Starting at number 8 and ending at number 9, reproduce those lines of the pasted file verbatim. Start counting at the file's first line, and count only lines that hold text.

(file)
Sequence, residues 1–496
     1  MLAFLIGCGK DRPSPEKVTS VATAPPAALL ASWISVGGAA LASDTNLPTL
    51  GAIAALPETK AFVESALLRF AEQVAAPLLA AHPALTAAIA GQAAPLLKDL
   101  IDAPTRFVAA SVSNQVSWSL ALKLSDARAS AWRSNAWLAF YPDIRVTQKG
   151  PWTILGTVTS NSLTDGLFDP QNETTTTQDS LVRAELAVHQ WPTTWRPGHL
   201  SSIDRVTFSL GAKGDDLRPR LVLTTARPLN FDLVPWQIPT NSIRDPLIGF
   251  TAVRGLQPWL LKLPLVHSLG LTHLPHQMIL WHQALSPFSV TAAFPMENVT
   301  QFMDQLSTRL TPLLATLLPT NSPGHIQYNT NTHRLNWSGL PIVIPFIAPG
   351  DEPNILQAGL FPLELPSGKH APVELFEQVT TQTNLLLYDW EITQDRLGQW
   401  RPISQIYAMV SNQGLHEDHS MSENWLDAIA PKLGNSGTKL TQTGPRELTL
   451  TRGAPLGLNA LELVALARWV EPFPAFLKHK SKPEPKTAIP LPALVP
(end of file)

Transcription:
   301  QFMDQLSTRL TPLLATLLPT NSPGHIQYNT NTHRLNWSGL PIVIPFIAPG
   351  DEPNILQAGL FPLELPSGKH APVELFEQVT TQTNLLLYDW EITQDRLGQW